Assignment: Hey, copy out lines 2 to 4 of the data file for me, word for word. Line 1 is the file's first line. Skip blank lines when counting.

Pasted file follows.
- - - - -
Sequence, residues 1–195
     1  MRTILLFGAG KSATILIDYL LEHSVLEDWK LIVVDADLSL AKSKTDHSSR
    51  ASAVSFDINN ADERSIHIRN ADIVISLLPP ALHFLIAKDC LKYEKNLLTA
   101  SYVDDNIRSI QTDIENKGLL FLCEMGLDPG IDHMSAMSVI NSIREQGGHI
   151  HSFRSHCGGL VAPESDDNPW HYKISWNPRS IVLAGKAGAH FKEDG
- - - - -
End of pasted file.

     1  MRTILLFGAG KSATILIDYL LEHSVLEDWK LIVVDADLSL AKSKTDHSSR
    51  ASAVSFDINN ADERSIHIRN ADIVISLLPP ALHFLIAKDC LKYEKNLLTA
   101  SYVDDNIRSI QTDIENKGLL FLCEMGLDPG IDHMSAMSVI NSIREQGGHI